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Local students win award for Hawaiian town design
Turlock Christian eighth graders demonstrate the moving components within their Hawaiian city model that was entered into the Regional Future City Competition on Saturday. Their moving models were of the public transportation hydrotrak around the vertical farm, in which a working elevator was created. Pictured left to right: Michael Uytingco, Adam Bennett and Scott Zylstra. - photo by MAEGAN MARTENS / The Journal
A tsunami resistant wall, a vertical farming unit, an underground mega mall and a hydrotrak public transportation system are just some of the futuristic, yet realistic, components three Turlock Christian students used to make their Hawaiian city, named Maka, more efficient.
Three eighth graders — Adam Bennett, Michael Uytingco and Scott Zylstra — participated in the National Engineers Week Future City Competition for the first time ever. They placed third out of 19 teams in the Northern California Region.
Zylstra said he was a little disappointed because he expected to get at least second place. His teammates, however, were surprised and happy about their third place award.
“I was excited just to be in the final five,” Bennett said.
The theme of the competition this year was “providing an affordable living space for people who have lost their home due to a disaster or financial emergency.”
Students who participated had to build a city graphically on the computer through SimCity 4 Deluxe, build a three-dimensional tabletop model of their city, write two essays describing their city and they had to present their model at the regional competition.   
The three students started their project with brainstorming a place where an actual disaster could happen and where they could really work with the environment to be more environmentally friendly, Bennett said.
They picked Hawaii for the amount of constant sunlight that is available and the actual risk of natural disasters such as volcanos and tsunamis, Uytingco said.
The natural disaster the Turlock Christian team chose to base their design on was a volcano eruption, which then caused a tsunami that destroyed the Hawaiian city.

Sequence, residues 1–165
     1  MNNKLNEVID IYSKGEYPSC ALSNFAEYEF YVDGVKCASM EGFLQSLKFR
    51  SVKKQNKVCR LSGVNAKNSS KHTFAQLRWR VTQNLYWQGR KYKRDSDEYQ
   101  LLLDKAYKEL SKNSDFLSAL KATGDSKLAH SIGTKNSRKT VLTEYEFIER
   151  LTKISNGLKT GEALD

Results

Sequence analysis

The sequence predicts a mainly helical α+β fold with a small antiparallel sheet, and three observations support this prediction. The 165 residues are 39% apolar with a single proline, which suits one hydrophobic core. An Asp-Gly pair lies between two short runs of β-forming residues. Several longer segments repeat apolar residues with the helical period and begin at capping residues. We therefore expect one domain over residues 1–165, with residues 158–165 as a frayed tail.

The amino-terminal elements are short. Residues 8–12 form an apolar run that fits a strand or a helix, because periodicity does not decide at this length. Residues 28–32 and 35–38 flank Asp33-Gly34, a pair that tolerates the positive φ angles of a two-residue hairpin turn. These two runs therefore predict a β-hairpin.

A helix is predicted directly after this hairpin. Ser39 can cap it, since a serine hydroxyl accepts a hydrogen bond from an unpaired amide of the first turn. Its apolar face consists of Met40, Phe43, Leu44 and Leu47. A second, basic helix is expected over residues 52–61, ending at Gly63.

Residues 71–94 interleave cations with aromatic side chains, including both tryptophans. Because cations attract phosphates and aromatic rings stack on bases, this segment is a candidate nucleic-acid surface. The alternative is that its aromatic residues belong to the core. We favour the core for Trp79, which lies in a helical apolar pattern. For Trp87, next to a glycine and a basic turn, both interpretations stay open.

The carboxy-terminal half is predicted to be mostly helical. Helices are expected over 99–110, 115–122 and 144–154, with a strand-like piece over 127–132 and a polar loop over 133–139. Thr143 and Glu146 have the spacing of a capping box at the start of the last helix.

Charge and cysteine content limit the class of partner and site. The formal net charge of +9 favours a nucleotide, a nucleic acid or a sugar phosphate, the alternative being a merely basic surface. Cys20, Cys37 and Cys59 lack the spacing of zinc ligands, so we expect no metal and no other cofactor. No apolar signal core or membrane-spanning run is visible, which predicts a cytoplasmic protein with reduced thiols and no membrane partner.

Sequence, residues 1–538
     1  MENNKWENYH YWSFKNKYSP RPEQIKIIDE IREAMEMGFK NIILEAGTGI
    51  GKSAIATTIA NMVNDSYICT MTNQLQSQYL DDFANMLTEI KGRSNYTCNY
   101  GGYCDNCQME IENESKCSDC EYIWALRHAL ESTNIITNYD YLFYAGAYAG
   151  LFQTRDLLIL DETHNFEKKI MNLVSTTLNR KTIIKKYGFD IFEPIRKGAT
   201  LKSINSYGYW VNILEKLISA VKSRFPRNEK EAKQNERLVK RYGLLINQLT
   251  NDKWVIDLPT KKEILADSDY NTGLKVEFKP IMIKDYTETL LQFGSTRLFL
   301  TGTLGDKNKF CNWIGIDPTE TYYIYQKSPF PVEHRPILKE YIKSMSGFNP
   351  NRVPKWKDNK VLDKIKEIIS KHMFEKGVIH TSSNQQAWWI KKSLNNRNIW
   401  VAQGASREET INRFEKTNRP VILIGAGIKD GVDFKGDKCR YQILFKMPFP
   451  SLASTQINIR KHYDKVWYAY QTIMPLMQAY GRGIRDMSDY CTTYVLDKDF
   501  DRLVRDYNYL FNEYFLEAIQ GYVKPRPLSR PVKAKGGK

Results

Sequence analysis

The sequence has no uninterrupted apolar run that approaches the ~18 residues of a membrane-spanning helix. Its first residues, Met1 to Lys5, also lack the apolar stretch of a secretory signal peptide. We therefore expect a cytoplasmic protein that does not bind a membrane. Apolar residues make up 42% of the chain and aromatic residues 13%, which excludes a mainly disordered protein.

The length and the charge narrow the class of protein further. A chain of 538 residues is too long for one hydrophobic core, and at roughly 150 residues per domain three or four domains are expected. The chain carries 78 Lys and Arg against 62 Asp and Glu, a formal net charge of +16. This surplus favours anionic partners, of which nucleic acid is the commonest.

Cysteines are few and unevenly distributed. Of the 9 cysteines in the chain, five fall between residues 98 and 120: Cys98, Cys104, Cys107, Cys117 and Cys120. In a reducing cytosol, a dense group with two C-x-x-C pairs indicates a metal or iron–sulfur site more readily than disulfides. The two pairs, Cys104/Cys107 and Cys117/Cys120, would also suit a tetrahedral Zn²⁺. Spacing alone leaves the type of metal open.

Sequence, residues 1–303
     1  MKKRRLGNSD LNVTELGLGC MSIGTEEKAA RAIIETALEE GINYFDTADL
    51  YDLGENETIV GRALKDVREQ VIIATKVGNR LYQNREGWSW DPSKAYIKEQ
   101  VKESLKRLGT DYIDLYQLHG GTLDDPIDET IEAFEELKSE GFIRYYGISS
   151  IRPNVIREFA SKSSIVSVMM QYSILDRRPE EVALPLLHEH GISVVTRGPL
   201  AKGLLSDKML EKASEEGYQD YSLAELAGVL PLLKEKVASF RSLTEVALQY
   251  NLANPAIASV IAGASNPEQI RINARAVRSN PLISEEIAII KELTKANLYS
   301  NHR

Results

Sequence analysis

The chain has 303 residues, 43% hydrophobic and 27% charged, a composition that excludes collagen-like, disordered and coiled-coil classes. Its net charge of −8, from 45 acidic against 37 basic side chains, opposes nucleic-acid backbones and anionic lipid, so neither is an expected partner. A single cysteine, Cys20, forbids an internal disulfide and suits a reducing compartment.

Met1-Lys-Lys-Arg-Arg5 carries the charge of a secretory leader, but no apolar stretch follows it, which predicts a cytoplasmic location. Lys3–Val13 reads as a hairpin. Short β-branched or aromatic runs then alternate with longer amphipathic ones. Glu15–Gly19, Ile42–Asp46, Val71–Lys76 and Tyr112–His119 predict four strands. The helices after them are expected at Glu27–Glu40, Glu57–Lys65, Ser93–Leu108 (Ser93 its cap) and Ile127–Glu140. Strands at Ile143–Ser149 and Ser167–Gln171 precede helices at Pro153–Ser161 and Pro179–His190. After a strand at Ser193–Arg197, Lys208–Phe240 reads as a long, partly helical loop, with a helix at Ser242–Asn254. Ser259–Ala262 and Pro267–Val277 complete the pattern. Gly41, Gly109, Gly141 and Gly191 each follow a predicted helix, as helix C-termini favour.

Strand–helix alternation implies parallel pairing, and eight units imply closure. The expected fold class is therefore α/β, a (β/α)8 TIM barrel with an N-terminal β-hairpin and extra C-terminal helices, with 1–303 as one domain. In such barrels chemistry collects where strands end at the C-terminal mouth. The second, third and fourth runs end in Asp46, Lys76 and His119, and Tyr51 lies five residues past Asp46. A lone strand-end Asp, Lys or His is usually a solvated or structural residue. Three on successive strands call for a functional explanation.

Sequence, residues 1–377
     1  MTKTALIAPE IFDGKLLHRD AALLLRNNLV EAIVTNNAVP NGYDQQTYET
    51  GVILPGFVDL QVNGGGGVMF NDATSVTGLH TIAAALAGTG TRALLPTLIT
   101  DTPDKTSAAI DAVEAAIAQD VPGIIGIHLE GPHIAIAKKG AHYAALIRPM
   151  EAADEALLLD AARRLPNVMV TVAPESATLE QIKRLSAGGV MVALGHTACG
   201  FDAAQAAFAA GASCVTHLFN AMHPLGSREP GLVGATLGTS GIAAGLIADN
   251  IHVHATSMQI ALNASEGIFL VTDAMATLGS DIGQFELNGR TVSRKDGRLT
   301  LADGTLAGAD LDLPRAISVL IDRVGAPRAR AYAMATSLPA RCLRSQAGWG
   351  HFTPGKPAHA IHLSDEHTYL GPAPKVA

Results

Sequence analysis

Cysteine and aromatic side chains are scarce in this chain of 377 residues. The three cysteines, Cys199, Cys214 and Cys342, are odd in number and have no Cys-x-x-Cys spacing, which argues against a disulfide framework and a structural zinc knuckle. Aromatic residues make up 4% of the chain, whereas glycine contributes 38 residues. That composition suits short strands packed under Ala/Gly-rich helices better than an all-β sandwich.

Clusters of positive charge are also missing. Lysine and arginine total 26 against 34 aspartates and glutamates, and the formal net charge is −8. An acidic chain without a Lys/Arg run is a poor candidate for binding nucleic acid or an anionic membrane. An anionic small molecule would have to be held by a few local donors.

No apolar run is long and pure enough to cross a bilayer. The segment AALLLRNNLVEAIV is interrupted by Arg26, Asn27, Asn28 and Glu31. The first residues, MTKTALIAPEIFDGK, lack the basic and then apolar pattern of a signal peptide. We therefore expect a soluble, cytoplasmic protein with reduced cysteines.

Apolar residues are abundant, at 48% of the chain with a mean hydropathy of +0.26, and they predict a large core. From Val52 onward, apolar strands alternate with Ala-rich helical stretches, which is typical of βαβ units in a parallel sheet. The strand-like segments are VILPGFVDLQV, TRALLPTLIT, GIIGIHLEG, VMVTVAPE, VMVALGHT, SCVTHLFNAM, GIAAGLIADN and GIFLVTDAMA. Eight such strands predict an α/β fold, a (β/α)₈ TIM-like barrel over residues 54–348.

Bennett, Uytingco and Zylstra then got to come to the rescue of the people of Maka and design a rebuilt city based on their green ideas and research. All components of their design are currently in use or are about to be used in cities around the world.
Zylstra had the idea to build a protection wall to shield Maka from potential tsunami-sized waves crashing down on the city. The wall has tsunami sensors that will raise the wall to about 200 feet to protect the city and will also send cell phone alerts to everyone that lives in the vicinity to encourage them to go underground for safety, Zylstra said.   
A vertical farm was also created in the center of the city that was designed to feed most of the people that live in Maka, Uytingco said.  
Surrounding the vertical farm is their form of public transportation called the hydrotrak, which uses water power.
The majority of their city also happens to be underground. They have an underground mega mall, industrial zone and water treatment plant. Other cities that use this underground method are Japan and Hawaii, Uytingco said.
“In a real city, it would double the space because there is a lot of room underground,” Uytingco said.  
One of their specialties they focused on in their essay, is their cube housing.  The three students like to call it “living to the third power.”
Each house is a cube, literally. They have different types of cube housing from the “bachelor cube” to the “extension cube.”
“The cubes are prefabricated, inexpensive, light weight, expands and downsizes with ease, and simple to move around,” the students stated in their essay.
The cubes are made from whole coconut husks, with floors made from cork, and windows programmed with transition metal switchable mirrors to reduce energy loss.
“Makans are healthier and happier,” the students stated in their essay. “There are no more environmentally related illnesses like asthma, allergies, and cancer. Thanks to the advancement in the field of engineering.”  
To contact Maegan Martens, e-mail or call 634-9141 ext. 2015.